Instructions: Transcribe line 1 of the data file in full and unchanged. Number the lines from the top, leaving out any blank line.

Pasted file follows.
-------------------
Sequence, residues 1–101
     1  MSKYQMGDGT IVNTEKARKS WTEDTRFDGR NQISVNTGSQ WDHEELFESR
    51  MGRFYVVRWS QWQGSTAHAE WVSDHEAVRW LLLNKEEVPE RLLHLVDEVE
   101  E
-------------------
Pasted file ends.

Sequence, residues 1–101